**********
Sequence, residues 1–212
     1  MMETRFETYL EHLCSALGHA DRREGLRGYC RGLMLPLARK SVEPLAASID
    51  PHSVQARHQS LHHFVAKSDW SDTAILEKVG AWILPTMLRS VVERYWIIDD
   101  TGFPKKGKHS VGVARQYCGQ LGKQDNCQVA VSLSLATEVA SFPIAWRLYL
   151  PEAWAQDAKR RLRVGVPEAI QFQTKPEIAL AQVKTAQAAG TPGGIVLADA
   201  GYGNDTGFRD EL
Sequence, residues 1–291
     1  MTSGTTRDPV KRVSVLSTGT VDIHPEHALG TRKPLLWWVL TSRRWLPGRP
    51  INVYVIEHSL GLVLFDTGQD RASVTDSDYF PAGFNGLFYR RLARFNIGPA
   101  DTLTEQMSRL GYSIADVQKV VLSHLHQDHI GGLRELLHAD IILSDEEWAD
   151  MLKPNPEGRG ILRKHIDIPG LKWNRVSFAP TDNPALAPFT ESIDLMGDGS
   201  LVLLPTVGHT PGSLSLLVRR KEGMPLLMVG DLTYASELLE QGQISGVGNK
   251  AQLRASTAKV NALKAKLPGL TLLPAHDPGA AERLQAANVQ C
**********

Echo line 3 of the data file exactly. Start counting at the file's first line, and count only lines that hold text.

    51  PHSVQARHQS LHHFVAKSDW SDTAILEKVG AWILPTMLRS VVERYWIIDD